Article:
2. Batman Returns

Batman (Michael Keaton)'s face is revealed in 'Batman Returns'
(Warner Bros.)

Tim Burton and Michael Keaton returned for Batman‘s sequel, Batman Returns, which premiered in 1992. Batman Returns pits the hero against a formidable villainous duo, the Penguin (Danny DeVito) and Max Shreck (Christopher Walken). The duo becomes a trio when Shreck’s former assistant Selina Kyle (Michelle Pfeiffer) transforms into Catwoman. However, things become even more complicated when an attraction develops between Catwoman and Batman.

Burton managed to deliver a sequel that exceeds its predecessor. While it doesn’t have quite the same legacy as Batman, it further captures Burton’s brilliant vision. The film benefits from being even edgier and grittier than Batman, fully embracing the noir tone with a bit of camp. Meanwhile, DeVito and Pfeiffer steal the show with their brilliant performances. Their villains are so masterful that few foes in live-action Batman films have been able to top them. Together, Keaton, DeVito, and Pfeiffer make for one of the best lead casts of a Batman film. There are very few flaws in this haunting and brilliant film, aside from Batman getting a bit overshadowed by his foes.

1. The Dark Knight

Christian Bale as Batman in The Dark Knight
(Warner Bros.)

Released in 2008, The Dark Knight was almost immediately hailed as one of the greatest superhero films ever made. The second installment in Nolan’s The Dark Knight trilogy follows Batman as his reign as Gotham’s protector is elevated with the aid of Lt. Jim Gordon (Gary Oldman) and district attorney Harvey Dent (Aaron Eckhart). However, Gotham falls into a state of perpetual chaos as a deranged criminal, the Joker (Heath Ledger), shows up and plays mind games with Batman in an attempt to make him forgo his moral code.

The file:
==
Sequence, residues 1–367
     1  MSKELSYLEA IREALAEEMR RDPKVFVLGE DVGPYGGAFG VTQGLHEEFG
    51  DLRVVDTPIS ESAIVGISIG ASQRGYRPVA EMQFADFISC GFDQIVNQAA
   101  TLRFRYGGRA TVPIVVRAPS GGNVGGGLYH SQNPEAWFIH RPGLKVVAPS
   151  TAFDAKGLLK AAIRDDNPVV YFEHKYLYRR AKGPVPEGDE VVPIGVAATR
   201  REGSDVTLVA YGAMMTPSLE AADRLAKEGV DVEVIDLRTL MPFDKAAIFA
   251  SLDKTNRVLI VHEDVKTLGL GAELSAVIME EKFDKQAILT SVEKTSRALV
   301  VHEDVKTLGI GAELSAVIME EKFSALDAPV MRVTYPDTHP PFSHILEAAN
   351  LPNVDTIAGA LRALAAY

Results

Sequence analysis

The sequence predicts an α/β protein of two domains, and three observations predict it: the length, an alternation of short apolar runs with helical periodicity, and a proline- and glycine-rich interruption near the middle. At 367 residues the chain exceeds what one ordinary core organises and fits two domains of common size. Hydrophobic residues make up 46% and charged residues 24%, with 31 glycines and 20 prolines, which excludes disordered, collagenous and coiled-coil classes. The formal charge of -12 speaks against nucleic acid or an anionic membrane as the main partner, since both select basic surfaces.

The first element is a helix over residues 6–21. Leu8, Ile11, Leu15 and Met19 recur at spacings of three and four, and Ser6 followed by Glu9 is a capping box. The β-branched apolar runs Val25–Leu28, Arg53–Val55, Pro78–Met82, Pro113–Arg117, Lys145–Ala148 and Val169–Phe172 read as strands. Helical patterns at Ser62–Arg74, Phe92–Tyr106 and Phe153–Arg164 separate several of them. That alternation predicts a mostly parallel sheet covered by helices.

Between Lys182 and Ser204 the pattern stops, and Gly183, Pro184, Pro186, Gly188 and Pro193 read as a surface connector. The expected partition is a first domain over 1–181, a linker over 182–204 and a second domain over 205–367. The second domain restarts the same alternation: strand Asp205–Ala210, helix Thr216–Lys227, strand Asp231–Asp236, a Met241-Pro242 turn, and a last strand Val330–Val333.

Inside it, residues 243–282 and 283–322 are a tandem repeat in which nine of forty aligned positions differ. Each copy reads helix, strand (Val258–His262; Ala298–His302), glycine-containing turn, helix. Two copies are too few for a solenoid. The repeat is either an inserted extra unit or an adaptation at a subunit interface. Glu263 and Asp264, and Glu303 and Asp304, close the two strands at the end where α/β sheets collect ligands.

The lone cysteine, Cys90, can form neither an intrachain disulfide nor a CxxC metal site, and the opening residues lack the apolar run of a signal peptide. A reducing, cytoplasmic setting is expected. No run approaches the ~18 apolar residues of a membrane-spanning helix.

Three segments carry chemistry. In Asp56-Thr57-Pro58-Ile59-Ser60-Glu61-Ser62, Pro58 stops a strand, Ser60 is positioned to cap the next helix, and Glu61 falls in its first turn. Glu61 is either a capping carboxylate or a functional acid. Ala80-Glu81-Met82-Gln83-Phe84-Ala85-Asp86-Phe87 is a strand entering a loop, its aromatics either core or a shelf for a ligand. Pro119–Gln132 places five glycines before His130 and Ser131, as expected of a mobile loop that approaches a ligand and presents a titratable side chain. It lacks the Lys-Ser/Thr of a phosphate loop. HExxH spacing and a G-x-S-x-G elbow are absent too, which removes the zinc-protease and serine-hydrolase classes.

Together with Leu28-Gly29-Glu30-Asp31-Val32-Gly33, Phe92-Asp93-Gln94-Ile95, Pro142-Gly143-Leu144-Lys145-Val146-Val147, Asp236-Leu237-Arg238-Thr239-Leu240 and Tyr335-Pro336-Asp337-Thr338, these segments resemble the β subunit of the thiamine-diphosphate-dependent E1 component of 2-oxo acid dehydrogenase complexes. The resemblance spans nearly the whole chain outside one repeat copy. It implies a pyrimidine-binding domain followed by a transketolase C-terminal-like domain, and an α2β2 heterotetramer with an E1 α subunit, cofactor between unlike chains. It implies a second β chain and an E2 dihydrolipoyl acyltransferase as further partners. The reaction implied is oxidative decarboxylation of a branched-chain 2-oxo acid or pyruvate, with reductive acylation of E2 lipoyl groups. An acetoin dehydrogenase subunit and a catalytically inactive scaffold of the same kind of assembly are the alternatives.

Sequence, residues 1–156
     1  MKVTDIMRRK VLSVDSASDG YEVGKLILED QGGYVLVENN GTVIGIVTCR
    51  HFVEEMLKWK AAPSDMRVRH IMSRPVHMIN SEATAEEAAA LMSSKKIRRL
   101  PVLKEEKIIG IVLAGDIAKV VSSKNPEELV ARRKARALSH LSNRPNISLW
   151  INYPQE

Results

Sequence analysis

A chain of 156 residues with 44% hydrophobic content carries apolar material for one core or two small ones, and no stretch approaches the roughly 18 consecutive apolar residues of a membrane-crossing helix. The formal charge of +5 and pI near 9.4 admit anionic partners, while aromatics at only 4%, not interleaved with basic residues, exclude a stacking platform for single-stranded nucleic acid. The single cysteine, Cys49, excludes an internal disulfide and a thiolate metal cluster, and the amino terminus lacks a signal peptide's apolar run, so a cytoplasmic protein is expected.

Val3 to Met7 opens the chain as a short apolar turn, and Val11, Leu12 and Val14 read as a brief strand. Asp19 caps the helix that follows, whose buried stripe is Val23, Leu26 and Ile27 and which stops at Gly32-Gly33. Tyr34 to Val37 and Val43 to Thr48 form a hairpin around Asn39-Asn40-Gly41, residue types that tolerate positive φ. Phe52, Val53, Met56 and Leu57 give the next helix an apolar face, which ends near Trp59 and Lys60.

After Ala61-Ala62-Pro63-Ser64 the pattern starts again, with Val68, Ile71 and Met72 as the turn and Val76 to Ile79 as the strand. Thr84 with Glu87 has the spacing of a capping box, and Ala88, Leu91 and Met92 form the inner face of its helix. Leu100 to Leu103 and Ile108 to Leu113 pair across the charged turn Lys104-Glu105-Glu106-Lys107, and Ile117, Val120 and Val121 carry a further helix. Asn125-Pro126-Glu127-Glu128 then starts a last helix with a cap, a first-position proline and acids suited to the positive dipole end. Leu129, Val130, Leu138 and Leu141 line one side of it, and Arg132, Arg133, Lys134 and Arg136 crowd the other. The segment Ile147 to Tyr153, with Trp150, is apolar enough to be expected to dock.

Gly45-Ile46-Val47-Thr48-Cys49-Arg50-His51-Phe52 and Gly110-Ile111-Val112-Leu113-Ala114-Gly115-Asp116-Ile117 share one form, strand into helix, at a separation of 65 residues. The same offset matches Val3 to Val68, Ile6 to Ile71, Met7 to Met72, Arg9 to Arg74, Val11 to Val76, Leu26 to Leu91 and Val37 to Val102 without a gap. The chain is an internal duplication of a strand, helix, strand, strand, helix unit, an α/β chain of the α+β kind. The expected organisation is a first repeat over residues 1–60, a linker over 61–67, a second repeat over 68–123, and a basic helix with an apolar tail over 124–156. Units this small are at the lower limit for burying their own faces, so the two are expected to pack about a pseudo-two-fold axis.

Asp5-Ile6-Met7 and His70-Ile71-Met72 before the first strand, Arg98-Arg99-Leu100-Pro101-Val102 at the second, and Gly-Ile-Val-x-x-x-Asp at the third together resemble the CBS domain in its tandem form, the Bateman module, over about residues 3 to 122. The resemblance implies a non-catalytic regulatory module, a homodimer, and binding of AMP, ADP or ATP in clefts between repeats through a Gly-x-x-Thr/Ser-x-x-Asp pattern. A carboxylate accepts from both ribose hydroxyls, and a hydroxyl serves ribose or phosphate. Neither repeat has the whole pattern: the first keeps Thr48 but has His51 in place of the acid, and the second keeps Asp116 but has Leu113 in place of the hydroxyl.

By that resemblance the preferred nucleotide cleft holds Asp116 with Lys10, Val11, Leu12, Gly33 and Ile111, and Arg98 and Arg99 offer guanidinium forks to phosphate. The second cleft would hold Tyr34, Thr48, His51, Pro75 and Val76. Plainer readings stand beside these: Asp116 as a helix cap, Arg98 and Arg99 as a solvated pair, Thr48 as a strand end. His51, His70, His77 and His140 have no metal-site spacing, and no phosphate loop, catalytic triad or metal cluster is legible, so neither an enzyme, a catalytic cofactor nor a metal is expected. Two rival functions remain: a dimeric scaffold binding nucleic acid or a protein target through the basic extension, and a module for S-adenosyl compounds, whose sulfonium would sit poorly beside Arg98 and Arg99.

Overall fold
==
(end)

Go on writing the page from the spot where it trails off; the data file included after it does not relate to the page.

The Dark Knight is both an action-packed superhero film and a mesmerizing psychological crime thriller. This nearly flawless sequel is bold and intense, action-packed yet intricate, and features one of the greatest live-action superhero villains. Ledger steals the show with his cerebral portrayal of the Joker, which can be described as nothing short of brilliant. Meanwhile, the film also features a very intriguing commentary on ethics and terrorism. What makes The Dark Knight so great is how deep it actually goes while remaining an exciting superhero movie on the surface. It brought something new and refreshing to the superhero genre, and few films have topped it since.

This piece was written during the 2023 WGA and SAG-AFTRA strikes. Without the labor of the writers and actors currently on strike, the work being covered here wouldn’t exist.

(featured image: Warner Bros.)

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Rachel Ulatowski is an SEO writer for The Mary Sue, who frequently covers DC, Marvel, Star Wars, YA literature, celebrity news, and coming-of-age films. She has over two years of experience in the digital media and entertainment industry, and her works can also be found on Screen Rant and Tell-Tale TV. She enjoys running, reading, snarking on YouTube personalities, and working on her future novel when she's not writing professionally. You can find more of her writing on Twitter at @RachelUlatowski.